By Keith Russell

BURLESON, Texas (CBSDFW.COM) – There’s a reason each practice begins with 20 jumping jacks and each workout ends with 20 pushups.

And there are those who find comfort in taking photos at the 20 yard line. That is no ordinary number at Burleson High. It’s a number that will always have a very special place at the school.

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“I don’t know that I think about the number but when I see 20 I think of Tre,” said head football coach Jon Kitna.

Tre Allison wore number 20 as a defensive back headed into his junior year. Those who knew him best say certain things were already mapped out in his future.

Tre’s brother Jarrel Stenson says he was destined to be a “D-I athlete… going to the pros without a doubt.”

Those dreams vanished the night of June 8, 2020,  when Tre was a passenger in a car that was struck by another vehicle less than a mile away from the school.

Everyone else in the accident walked away. That was not the case for Tre.

“The last thing Tre said to me before he went to play sand volleyball was ‘I love you,'” Allison’s mom Jeanette Myers said.  “That was the last time I heard his voice, and that was the last time I saw his face”.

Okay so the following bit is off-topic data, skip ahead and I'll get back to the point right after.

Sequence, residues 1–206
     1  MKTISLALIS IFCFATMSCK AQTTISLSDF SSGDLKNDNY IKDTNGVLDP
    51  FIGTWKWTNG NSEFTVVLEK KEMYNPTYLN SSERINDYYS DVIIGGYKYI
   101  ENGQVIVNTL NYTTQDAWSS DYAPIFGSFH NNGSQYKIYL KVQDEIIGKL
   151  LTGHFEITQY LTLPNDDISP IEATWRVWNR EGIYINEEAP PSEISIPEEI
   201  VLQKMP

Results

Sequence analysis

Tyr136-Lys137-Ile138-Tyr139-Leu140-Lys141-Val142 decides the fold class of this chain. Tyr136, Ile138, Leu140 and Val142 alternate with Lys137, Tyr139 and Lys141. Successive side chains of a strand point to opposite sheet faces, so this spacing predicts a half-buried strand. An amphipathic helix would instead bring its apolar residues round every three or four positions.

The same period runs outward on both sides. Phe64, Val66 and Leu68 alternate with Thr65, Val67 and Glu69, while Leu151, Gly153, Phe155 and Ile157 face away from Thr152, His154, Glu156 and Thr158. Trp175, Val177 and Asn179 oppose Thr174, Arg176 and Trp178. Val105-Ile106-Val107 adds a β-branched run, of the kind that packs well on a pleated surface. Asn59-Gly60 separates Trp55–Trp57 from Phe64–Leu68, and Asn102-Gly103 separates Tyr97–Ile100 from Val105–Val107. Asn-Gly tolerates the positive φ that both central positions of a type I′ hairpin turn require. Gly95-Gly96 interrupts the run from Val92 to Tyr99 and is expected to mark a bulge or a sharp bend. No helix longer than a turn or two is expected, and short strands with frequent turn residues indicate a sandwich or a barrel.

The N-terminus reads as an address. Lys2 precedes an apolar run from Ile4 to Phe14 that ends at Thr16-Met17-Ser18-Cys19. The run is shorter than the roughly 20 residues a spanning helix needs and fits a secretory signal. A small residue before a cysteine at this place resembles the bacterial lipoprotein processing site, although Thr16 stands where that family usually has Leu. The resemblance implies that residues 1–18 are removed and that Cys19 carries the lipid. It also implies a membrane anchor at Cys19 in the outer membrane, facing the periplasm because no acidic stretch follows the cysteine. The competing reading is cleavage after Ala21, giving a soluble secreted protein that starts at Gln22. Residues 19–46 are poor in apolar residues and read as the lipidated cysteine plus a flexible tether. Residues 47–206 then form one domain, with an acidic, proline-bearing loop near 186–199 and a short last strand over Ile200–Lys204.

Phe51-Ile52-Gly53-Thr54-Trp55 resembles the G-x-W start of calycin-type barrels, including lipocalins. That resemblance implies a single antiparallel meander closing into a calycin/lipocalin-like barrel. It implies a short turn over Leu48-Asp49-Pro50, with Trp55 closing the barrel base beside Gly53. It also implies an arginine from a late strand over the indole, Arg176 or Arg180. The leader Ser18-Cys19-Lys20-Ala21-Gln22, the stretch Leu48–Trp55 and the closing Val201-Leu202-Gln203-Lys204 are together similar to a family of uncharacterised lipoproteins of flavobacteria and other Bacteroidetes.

A father who also knew right then and there his son was gone too soon. Anthony Allison, calls it “heartbreaking. For anybody to go through something like that, you never expect it to happen in your home. You hear about it happening to someone else’s kid.”

Gazing at the dumbbells, you start to think about the weight of the pain this family has to carry and the questions that will always remain.

His father explains “the hardest part is we never got to see our son go to the prom… never got to see him graduate. I think about that all the time… all the what ifs.”

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His brother Jarrel says, “It’s a feeling I have I wish would go away. I know it’s not, so I just deal with it.”

The feeling of helplessness also extends to Burleson head coach Jon Kitna. Last year was his first on the job.

He had just conducted his very first team workout. Tre was part of that workout. Later that night, it became clear a player he had heard so many wonderful things about he would never get to coach again.

“My one regret is I didn’t get to know him like they did.” Kitna said.  “His legacy they carry around is so special. I get to live through them on that.”

That legacy is visible as soon as you step inside the school’s athletic facility… visible through an award in his honor… most visible through a locker remains untouched with Tre’s jersey, his equipment, and his everlasting presence.

Burleson School Honors Life, Legacy Of Player Taken Too Early (Credit: CBSDFW)

The reminders of Tre are everywhere you turn around Burleson High School… even as his buddies enter the locker room.

His best friend, Jaden Kindles recalls, “Everything we did together made me wanna be just like him. He’s not gone. He’s still here with us”.

When asked what Tre would say to him, his brother Jarrel says he would say “I’m alright… handle your business… take care of mama… I’m good”.

As for Tre’s Mom, her saving grace is simple.

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Jeanette says her comfort comes from “knowing that I’m gonna see him again”.